The government punishes crime, particularly against tourists, severely; it has a hard enough time convincing tourists to go there due to its international reputation. In addition, many locals, being devout Buddhists, are wary of retribution in their next life should they commit any crimes against others. As a result, as far as crime and personal safety go, Myanmar is extremely safe for tourists, and it is generally safe to walk on the streets alone at night. In fact, you are less likely to be a victim of crime in Myanmar than in Thailand or Malaysia. However, as with anywhere else, little crime does not mean no crime and it is still no excuse to ditch your common sense.
Since 2005, Yangon and Mandalay have seen a barely perceptible rise in the very low level of street robberies. Several years ago, there were isolated bombings: 26 April 2005 in Mandalay; 7 May, 21 October and 5 December 2005 in Yangon; 2 January 2006 in Bago.
Despite traditional taboos against it, begging has become a major problem in the main tourist areas such as Bago and Bagan. Children and "mothers" carrying babies are often the ones who beg as they are more effective at soliciting pity. Note that most beggars are part of larger begging syndicates or just after easy money, as tourists are usually seen to be rich. In addition, the poor can always obtain food for free from the nearest monastery if they can't afford to pay for it, so begging is not necessary for their survival. If you really must give, note that most Burmese earn only US$40 a month doing manual labour; giving US$1 to a beggar is very generous.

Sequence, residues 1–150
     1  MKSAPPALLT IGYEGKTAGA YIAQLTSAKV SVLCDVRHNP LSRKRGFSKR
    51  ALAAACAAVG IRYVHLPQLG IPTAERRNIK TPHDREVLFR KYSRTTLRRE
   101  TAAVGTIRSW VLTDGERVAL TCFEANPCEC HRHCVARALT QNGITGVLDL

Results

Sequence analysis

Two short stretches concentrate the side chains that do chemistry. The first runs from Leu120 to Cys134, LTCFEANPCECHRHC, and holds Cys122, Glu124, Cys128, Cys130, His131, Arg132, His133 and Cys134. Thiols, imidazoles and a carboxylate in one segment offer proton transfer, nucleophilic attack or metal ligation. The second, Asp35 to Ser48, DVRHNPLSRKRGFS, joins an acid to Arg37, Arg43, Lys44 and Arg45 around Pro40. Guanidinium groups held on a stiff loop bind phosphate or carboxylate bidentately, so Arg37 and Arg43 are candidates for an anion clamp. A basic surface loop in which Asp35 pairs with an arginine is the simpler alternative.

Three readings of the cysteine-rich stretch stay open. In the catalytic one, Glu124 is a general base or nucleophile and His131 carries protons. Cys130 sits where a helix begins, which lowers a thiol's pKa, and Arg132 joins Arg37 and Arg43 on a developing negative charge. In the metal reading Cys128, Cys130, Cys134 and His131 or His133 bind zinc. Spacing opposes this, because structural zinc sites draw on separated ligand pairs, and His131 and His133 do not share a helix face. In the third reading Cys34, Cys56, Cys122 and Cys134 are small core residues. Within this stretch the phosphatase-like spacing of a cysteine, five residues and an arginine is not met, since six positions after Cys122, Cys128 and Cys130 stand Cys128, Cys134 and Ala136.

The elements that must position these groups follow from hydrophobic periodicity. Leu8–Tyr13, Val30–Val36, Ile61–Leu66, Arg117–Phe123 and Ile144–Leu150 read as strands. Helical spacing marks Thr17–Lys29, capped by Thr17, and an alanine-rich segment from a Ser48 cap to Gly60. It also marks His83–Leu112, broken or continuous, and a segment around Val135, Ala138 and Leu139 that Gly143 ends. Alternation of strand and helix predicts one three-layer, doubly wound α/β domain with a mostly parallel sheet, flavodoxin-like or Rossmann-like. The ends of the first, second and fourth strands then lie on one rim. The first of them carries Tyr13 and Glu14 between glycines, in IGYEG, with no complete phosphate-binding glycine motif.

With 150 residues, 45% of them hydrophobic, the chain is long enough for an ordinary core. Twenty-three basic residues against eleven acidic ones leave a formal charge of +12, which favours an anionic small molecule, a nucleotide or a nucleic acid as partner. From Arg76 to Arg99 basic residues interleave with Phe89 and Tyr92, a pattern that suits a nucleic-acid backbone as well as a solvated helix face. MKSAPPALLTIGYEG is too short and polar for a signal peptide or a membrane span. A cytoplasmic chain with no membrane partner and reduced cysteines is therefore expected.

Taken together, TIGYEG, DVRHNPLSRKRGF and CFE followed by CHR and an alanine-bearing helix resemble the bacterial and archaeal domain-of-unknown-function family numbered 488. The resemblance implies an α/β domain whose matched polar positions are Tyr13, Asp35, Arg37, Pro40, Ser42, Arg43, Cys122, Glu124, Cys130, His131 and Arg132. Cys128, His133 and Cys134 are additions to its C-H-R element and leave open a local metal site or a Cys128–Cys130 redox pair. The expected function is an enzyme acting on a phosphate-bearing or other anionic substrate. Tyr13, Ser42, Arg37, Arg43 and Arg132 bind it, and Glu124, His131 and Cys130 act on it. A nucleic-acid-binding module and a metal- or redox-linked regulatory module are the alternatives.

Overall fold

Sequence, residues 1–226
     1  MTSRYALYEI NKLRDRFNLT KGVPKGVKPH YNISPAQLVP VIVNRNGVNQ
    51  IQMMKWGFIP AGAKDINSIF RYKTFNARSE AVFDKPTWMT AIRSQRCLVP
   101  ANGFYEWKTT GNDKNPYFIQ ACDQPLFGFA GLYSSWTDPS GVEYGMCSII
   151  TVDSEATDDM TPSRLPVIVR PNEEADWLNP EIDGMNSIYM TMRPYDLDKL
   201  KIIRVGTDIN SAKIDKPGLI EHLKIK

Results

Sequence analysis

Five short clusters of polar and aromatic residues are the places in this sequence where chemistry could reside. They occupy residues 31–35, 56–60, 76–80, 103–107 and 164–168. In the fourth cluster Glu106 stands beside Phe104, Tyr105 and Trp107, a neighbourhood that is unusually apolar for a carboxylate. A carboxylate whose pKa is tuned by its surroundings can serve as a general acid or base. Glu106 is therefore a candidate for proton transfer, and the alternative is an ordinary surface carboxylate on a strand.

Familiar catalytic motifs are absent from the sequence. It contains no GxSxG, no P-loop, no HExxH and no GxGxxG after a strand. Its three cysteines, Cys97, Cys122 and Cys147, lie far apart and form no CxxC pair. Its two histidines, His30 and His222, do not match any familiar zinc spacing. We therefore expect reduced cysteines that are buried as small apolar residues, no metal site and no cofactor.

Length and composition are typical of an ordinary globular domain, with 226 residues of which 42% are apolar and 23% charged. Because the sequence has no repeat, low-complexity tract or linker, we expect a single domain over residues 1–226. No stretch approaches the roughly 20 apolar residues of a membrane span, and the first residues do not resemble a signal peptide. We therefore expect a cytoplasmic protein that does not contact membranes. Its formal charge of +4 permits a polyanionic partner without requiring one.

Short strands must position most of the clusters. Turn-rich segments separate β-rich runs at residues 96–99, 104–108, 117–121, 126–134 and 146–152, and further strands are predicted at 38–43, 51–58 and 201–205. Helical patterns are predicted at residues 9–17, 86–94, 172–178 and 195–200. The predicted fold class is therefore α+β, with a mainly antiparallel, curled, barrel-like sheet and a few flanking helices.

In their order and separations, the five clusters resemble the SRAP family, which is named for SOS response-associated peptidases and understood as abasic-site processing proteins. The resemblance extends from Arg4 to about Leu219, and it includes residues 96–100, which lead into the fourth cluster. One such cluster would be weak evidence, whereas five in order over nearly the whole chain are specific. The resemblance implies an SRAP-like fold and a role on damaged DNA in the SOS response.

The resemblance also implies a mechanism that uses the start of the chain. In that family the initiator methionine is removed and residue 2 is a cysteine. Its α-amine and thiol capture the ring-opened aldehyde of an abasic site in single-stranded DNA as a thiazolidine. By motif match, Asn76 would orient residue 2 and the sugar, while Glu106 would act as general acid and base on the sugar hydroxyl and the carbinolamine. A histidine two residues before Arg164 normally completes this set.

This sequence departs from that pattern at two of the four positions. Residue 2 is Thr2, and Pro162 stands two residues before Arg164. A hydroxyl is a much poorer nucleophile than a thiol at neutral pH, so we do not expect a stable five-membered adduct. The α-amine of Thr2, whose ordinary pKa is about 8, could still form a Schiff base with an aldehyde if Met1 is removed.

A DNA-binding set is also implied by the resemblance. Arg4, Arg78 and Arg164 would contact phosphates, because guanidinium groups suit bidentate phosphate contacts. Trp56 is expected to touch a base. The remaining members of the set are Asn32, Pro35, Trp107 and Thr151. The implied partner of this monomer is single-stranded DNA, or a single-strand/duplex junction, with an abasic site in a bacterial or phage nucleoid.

Myanmar is one of the world's most corrupt countries. Officials and other civil servants may discreetly ask you for a bribe, or invent issues (missing forms, closed offices, etc) in order to get you to suggest one. Pretending not to understand or asking to speak to a superior may work. However, visitors of Caucasian descent are rarely targeted, while those of Asian descent (including South Asians and East Asians) may be forced to give bribes, but the brunt of the problem hits normal Burmese.
Again, Westerners are very rarely asked for bribes. Then too, most bribes are in the order of a US dollar or less and requested by folks earning as little as US$30/month.
The poor road infrastructure, and a mixture of extremely ancient vehicles on the country's roads are all what best describe the road conditions. However, driving habits are not very aggressive compared to say, Vietnam, which does make the safety of the roads comfortable for almost everyone. Although rare, youths often compete against each other on the roads, which has lead to some causalities over the past few years.
Surprisingly, Burma has a mixture of both right-hand and left-hand drive vehicles, with the majority being right-hand drive but driving is generally done on the right side of the roads.